Okay so we all know the internet has the potential to bring people together.

This huge global electronic canopy that makes short work of the world’s distances, and allows the relatively smooth passage of contact and communication across the global divide. We all know about the joys of the instant message, email and message boards and a hundred and one different places where people can get together and chat, flirt or even exchange elements of personal creativity.

However there’s a comparatively new kid on the block that encompasses all of these factors and it’s a growing concern that seems to be attracting new users especially those with something creative to offer at an incredible rate.

What I’m talking about is myspace.com. Personally speaking this is a relatively recent discovery but one I’m not alone in making. With an alleged user base of twenty million people world wide this is something that is attracting a series of diverse communities from the idle fanboy, the unsigned musician and to some degree even the established artist.

myspace.com has become worthy of column attention in recent times not just because of its rapidly increasing membership but due to the fact that it was recently purchased by Rupert Murdoch’s News Corporation which gives you the first inkling that this is no fly by night site that will fall off the radar like many of its forebears.

Signing up to the service is free and a familiar process to anyone who has signed up for any web based services in the past. You create a user profile, write a short biography of yourself and for best results upload a photograph. If you’re there to promote your own material there is the facility to upload your music or incorporate your own artwork into your page. The user interface isn’t always the easiest to get along with (it’s a little on the clunky side) but basic HTML skills are enough to enable some degree of customisation to what becomes known as your “profile”.

From that point on you can visit other pages and check out other people’s work here is where the interaction really begins. You can apply to become a “friend” of another user. It’s through this process that your small groups of associates begin to expand (for example a few of my friends were already members so I found myself with a starting point for networking). It’s as these smaller groups start to overlap with each that you find your lists start to expand.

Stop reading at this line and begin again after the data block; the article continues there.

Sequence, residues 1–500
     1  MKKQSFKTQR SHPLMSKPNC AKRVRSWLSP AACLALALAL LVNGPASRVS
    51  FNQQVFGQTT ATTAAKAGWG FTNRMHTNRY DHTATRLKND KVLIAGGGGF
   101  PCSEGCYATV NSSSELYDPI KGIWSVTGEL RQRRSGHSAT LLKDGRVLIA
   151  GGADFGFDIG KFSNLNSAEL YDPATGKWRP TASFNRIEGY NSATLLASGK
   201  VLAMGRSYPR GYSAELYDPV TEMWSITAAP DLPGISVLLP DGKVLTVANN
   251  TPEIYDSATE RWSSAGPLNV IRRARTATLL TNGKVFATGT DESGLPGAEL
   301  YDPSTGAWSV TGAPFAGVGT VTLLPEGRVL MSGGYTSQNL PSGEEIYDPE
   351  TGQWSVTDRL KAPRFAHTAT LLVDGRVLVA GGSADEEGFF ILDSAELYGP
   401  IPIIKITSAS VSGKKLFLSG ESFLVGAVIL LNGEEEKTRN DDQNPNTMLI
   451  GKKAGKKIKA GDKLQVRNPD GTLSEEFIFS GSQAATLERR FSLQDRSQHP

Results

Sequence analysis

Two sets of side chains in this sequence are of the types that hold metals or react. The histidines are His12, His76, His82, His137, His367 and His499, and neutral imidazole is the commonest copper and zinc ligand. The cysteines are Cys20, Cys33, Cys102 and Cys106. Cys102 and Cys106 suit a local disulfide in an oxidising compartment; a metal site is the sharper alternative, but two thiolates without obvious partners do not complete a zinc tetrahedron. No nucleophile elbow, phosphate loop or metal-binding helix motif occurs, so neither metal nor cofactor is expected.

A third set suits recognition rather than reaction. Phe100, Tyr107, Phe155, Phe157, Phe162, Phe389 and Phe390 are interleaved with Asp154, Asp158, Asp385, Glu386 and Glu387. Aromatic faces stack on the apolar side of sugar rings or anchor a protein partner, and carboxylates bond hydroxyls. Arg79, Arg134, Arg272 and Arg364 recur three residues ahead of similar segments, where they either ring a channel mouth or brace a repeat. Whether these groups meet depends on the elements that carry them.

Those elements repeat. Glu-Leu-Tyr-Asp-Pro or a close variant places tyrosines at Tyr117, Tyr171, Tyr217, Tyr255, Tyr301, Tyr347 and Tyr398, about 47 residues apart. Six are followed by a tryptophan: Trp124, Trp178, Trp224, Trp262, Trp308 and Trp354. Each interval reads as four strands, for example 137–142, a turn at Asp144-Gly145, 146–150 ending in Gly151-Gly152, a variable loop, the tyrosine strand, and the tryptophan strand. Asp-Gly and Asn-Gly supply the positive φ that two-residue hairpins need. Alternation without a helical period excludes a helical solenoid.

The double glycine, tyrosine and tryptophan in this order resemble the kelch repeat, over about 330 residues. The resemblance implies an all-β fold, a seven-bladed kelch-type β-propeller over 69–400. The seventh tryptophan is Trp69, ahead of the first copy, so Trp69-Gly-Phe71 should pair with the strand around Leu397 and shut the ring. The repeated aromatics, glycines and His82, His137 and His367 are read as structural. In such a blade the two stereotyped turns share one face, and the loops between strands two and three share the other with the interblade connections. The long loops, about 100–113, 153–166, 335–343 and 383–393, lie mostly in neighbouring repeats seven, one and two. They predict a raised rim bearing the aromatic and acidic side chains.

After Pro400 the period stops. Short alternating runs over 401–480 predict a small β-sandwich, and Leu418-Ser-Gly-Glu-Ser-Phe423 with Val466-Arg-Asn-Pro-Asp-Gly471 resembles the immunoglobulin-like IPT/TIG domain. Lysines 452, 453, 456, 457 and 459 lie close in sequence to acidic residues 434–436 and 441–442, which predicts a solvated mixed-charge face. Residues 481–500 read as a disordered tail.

It’s not just the unsigned that exist in the world of myspace either, some familiar faces do crop up on the service for example Bjork, Kelly Osbourne and if you’re that way inclined the likes of My Chemical Romance for starters. Of course there are a few individuals masquerading as celebrities such as the entries for Les Dennis, and Bruce Forsythe who represent a humorous take on the…ahem…celebrity evergreens and C list types.

The site supports the usual glut of “meet and greet” features that have become commonplace on the web. Obvious factors such as emailing other users and an instant messenger are nothing new, musicians can also list upcoming gigs or releases and keep their fanbase up to date with their progress. In terms of music the user can upload up to four tracks which are loaded and played whenever someone accesses your page. There’s also an automated tracking feature which tells you how many times your tunes have been played or downloaded. The site has also taken steps to promote itself via the presence of actual CD releases. This takes the form of its first compilation album comprising a mixture of known commodities and unsigned artists (Weezer, Dashboard Confessional being two examples).

So in essence what you’ve got is a site that does offer a considerable amount for no charge. However whenever you find a service of this nature which attracts such a large audience there are going to problems for the user. It could be said that the service is somewhat oversubscribed (did I mention that there is twenty million users so far with a number that is increasing daily). This can lead to accessibility problems and delays in accessing parts of the site.

However in conclusion it will be interesting to see how this site develops under its new ownership. There have been some concerns that with News International at the helm there is a strong possibility that the site may eventually become a service requiring payment to use. However for now it does represent an interesting prospect for the creative individual and the casual browser alike. The fact that myspace has just launched itself as a record label also serves to show it may be an indication of how creative expression may be distributed in the future.

It could very well be a case of watch myspace.